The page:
Ron Wilkinson: Oklahoma League Delegate to National Convention
Ron Wilkinson, League of Women Voters of Oklahoma Board Member, was the state delegate to the League's 52nd National Convention in June.
Although he has served on various League boards since 2010, this was Ron’s first national League convention. We asked him a few questions about his experience.
Q: What is your overall impression of Convention this year?
A: The attendees seemed to be a group of well informed, public spirited individuals with a genuine interest in seeing that the cornerstone principle, the right to vote, is defended and expanded to all citizens. It's a rather invigorating environment when compared to the general trend among states controlled by governors and legislators that see democracy as a tool of personal power rather than a foundation of a democratic society.
Q: What is your impression of LWVUS leadership and staff?
A: I was impressed with the professionalism of the LWVUS leadership and staff. Unfortunately, this is clearly an organization that is understaffed and under financed. There is a keen recognition that the organization must lower the median age of the organization's general membership. The new Executive Director, Wylecia Wiggs Harris, is a step in the right direction.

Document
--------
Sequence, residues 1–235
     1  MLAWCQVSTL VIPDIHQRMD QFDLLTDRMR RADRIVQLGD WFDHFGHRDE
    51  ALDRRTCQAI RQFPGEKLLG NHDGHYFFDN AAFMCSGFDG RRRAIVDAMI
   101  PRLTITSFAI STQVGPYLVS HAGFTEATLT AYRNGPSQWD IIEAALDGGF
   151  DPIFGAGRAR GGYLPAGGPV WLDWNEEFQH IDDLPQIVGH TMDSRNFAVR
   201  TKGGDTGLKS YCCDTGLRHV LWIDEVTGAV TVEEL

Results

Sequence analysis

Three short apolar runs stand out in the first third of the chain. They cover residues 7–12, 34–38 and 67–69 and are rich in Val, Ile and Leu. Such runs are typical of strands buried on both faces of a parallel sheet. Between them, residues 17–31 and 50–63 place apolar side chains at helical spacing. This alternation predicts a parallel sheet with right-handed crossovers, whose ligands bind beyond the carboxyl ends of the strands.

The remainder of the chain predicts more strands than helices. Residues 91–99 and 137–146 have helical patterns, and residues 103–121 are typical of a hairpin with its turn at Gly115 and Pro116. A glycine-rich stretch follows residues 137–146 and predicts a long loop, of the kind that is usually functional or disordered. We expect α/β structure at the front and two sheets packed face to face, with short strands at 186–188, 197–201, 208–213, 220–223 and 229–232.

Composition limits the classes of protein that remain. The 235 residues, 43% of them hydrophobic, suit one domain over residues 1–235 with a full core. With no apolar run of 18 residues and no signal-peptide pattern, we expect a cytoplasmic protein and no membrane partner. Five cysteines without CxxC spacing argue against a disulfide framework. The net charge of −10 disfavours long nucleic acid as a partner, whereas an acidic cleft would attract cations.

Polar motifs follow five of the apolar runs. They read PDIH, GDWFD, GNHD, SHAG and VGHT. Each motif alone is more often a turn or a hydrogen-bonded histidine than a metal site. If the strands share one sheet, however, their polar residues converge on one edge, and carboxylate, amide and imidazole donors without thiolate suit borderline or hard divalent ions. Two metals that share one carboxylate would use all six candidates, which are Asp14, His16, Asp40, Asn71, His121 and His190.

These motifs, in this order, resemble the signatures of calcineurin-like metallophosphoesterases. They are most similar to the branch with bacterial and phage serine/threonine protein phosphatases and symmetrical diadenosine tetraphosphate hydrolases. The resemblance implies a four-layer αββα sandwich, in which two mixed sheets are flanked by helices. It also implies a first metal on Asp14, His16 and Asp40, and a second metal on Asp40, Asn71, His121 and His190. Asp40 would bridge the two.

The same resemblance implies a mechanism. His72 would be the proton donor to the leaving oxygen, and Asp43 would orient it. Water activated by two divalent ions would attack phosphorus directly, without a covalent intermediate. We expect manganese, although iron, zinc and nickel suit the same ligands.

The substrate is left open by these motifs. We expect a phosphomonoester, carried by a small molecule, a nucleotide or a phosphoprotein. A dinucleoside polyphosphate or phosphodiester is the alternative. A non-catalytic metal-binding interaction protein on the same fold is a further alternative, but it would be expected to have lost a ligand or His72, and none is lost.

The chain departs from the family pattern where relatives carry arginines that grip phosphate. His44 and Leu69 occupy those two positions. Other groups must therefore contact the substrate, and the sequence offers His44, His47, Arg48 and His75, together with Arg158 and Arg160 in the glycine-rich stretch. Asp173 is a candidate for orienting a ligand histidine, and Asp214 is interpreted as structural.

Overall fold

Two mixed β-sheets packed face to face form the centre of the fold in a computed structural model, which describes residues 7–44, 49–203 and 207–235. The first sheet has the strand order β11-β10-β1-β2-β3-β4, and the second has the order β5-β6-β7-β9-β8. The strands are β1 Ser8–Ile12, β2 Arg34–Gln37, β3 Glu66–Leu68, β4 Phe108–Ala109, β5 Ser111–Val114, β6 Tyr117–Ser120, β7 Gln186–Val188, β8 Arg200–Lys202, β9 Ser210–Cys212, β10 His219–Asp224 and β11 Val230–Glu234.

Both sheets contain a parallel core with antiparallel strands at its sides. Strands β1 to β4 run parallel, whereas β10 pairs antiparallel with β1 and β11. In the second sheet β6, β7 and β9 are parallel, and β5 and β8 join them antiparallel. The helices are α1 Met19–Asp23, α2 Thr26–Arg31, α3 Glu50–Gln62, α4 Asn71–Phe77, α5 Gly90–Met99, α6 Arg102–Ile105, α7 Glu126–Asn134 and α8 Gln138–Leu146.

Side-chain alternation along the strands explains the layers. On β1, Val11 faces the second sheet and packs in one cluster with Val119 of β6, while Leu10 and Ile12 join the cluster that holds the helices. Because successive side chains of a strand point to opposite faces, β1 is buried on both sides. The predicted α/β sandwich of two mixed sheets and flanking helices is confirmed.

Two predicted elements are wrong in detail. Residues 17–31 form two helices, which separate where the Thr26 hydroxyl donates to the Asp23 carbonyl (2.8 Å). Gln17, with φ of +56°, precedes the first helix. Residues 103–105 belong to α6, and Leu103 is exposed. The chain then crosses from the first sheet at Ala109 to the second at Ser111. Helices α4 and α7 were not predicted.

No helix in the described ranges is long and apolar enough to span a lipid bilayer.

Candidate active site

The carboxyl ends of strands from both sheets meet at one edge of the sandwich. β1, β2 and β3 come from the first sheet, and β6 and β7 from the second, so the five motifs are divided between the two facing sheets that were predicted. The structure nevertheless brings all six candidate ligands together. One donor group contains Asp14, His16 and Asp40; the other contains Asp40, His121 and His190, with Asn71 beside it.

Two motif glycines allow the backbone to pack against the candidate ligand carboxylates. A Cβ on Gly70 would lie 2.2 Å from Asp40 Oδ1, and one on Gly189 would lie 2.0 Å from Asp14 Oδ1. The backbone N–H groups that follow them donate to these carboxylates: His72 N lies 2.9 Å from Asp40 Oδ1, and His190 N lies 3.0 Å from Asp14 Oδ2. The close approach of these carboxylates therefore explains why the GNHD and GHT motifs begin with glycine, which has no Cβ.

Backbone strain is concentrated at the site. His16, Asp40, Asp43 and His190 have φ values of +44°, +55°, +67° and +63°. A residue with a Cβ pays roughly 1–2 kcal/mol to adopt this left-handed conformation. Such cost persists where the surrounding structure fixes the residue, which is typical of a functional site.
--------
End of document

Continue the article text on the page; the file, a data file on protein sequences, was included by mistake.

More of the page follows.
Q: What are your thoughts about the future of our organization? (Note: Ron focused on the state League in his response, and has some interesting observations)
A: LWVOK exists in one of the tougher environments for a public interest organization. First, the general image of Oklahoma of those outside the state is approaching dismal. One learned speaker singled out Oklahoma and noted that a statistically valid study indicated that only 3% of Oklahoma adults could pass the test administered to those seeking to become citizens. Second, within Oklahoma there is dislike, distrust and disinterest in government. This leads to a population that is easily swayed by politicians promoting fear. This in turn turns off the electorate even more.
Involving people in public interest organizations like LWVOK becomes more difficult but infinitely more important. The citizens core liberties are more at risk than ever before. The League of Women Voters of Oklahoma must expand its influence, and its ability to see that the electorate receives education in the fundamentals of democracy. An action plan to carry out this goal is critical. So is enlisting the support of important donors. Few organizations are as appropriately positioned for this task as the League of Women Voters.